Usually, that means you have to take ownership of the files (or the containing folder) and/or change the file/folder permissions. It’s a pain because Windows’ permission system was created by a psychotic monkey. I rarely get it to do what I want…
Thankyou so much,you helped a lot.
This works only if you are the owner of the files and folders in question.
Ownership cannot be changed.
If the SID does not match there is literally nothing that can be done short of formatting the drive to get rid of them.
The owner must login to make the change and LSASS must not have the file locked open.
If I copy files from another drive, or extract them from a ZIP or RAR, I should be the owner, no? In any case, I’ve never encountered any ownership problems when dealing with “green folders” from whatever source. YMMV!
Then you have never encountered this problem while administrating user account and files a domain. Your only looking at this from the user perspective. As an admin there is nothing that can be done with these files because only the User who extracted them has permission to change the attributes of the file(s)
Seriously nothing can be done with them period.
I am actually t/s this issue as an admin right now. I’m on Windows Server 2012 R2. These files are saved in a share drive location and even though I have made myself the owner of the files and parent folders, no matter what I do I cannot seem to remove the encryption due to access being denied. Funny thing is, my end user that unzipped them in the share location was originally listed as the contents owner and when I attempt to remove them with her profile on her PC, it will not let me remove the encryption either due to access being denied. Starting to worry I am at an impasse here…
sir i did as u said but while i am getting notification that access is denied. since i used folderlock my file stopped working with green name.
can i do something to remove it and use that file
My photos and videos and some files had been encrypted and greened before I updated my windows to 7th version and I did not understand. Now I don’t know how I can access them.
Would you please help me to access them solve theproblem?
Thanks a lot and I am waiting to hear about you soon.
I’m afraid that I don’t know of any software that will break the encryption. Without the certificate/key from the old version of Windows, you might be in big trouble. I’m actually surprised that Win 7 didn’t automatically detect and import the key, but that’s Microsoft for you… Anybody else know of a trick??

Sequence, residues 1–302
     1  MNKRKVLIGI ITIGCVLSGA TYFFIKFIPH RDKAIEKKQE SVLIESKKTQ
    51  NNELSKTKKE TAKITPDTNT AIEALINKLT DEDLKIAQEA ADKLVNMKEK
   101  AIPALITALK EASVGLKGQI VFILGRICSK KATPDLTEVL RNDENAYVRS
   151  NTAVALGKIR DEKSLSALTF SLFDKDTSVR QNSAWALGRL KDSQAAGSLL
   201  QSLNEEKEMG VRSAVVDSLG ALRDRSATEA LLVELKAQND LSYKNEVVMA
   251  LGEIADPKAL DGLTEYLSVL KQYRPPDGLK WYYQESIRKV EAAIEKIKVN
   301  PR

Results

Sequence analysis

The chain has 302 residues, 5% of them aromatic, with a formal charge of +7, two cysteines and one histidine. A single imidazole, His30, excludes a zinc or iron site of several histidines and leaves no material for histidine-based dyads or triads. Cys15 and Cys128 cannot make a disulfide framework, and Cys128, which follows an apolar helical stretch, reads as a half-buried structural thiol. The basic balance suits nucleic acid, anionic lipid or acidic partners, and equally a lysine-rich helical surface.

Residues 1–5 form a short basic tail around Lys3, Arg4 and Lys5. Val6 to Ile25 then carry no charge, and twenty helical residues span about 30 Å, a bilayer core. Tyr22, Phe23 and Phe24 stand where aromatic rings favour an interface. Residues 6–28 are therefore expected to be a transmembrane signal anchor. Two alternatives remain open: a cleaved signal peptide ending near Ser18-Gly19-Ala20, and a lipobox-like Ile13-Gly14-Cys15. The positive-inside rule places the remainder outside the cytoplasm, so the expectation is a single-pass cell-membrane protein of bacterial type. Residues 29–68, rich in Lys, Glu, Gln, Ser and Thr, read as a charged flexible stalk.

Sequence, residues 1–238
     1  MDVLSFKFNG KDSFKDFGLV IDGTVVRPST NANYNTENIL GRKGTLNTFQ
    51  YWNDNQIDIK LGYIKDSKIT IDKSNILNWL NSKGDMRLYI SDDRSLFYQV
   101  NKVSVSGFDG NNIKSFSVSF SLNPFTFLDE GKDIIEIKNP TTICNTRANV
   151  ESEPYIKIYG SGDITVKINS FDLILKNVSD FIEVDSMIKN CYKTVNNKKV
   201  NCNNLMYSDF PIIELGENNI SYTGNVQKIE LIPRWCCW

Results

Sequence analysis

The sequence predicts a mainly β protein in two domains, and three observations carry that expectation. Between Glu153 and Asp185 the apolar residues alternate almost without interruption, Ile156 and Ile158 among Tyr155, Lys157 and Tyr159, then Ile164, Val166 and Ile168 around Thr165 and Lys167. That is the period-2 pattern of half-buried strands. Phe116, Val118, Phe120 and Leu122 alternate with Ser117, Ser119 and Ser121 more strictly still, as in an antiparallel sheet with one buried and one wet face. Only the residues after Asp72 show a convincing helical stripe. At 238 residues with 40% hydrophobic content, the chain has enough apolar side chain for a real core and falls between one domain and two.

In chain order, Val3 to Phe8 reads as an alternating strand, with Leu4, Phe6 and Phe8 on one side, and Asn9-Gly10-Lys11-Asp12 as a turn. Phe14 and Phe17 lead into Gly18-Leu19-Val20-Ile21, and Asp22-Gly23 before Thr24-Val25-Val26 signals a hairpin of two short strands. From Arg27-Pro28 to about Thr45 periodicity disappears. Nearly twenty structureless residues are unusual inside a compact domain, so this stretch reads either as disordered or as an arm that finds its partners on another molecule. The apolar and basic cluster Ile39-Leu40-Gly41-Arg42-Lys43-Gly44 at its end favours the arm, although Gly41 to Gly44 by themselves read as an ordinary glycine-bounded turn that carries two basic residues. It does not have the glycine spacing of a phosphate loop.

Just to clarify, Windows is NOT encrypting these files. When an Apple computer creates a zip file, because it is UNIX based, it flags things differently, causing Windows to think it is encrypted.
Aha! Good to know. Thanks! Of course, that still means Windows says they are encrypted, and thus the solution presented here does actually work. Which is nice.
All those steps field what do i do next. This can not be copped or opened and the are in green.
Showing that they are encrypted
I was having this issue on the shared drive of a small business network that includes a domain. As the domain administrator and owner of the encrypted files, I still couldn’t unencrypt them (access denied). I had to ask around for the user who uploaded the files into the shared drive from an outside source in the first place. Using their user profile allowed me to unencrypt the data.
If you have the original zip file, you can delete the encrypted files and then unzip them files again with your profile, making sure the new unzipped files are not encrypted when you are done. That worked for me
Thanks – Fixed the issue with website background image rendering.
Windows Green Files – no can do!
Thank you! One person in our office couldn’t open files we had received from our graphic designer. This was the issue. Much appreciated.
Thanks a bunch. Helpful
Thank you! It was clear, concise, and encouraged me to keep learning. Thank you!